[ ahmz-hous ]

noun,plural alms·hous·es [ahmz-hou-ziz]. /ˈɑmzˌhaʊ zɪz/. Chiefly British.
  1. a house endowed by private charity for the reception and support of the aged or infirm poor.

  2. (formerly) a poorhouse.

Origin of almshouse

First recorded in 1350–1400, almshouse is from Middle English almes hous. See alms, house

Words Nearby almshouse Unabridged Based on the Random House Unabridged Dictionary, © Random House, Inc. 2023

How to use almshouse in a sentence

  • The poor little dying pauper, lying in her dream at the almshouse, sees the figure of Death.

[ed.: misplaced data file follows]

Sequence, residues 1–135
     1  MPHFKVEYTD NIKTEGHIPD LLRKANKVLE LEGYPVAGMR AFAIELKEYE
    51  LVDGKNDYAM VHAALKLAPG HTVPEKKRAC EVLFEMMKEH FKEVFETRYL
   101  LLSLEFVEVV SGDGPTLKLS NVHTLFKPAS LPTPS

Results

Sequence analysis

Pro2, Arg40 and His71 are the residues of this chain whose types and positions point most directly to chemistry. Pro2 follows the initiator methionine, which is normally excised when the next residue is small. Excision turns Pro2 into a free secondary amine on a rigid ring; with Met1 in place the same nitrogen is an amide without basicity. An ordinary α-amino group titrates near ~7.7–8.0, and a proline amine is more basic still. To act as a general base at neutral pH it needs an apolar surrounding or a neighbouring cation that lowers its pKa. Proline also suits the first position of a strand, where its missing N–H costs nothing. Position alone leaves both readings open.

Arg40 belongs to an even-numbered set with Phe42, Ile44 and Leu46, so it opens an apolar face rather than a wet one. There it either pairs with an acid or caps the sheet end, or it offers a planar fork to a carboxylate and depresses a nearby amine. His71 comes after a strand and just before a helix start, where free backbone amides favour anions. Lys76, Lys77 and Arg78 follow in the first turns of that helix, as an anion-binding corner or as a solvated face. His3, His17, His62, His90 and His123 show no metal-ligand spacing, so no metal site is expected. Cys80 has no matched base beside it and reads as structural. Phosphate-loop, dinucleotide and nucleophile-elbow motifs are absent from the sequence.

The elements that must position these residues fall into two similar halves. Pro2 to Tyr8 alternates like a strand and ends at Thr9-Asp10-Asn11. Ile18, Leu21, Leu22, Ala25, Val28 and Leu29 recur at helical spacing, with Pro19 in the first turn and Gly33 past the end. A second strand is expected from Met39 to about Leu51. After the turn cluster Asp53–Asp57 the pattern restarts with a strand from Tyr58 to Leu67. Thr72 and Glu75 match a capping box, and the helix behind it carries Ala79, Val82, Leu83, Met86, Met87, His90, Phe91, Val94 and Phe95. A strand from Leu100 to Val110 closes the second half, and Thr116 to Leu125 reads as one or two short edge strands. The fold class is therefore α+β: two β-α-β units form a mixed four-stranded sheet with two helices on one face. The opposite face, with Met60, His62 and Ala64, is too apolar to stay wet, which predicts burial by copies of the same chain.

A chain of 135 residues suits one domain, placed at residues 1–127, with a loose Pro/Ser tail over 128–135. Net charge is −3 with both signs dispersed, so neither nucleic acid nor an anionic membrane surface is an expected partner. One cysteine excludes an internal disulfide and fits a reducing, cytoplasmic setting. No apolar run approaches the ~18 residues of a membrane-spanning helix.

Questionable Shapes | William Dean Howells
  • The most remarkable things that appear here at this day are a mosque, and an almshouse just by it, both built by sultan Ibrahim.

  • A Hamblyn was still a Hamblyn, though he lived in an almshouse.

    The Squire's Daughter | Silas K(itto) Hocking
  • I forgot to mention services held in jail and almshouse while in Canon City.

    Prisons and Prayer: Or a Labor of Love | Elizabeth Ryder Wheaton

British Dictionary definitions for almshouse


/ (ˈɑːmzˌhaʊs) /

  1. British history a privately supported house offering accommodation to the aged or needy

  2. mainly British another name for poorhouse

Collins English Dictionary - Complete & Unabridged 2012 Digital Edition © William Collins Sons & Co. Ltd. 1979, 1986 © HarperCollins Publishers 1998, 2000, 2003, 2005, 2006, 2007, 2009, 2012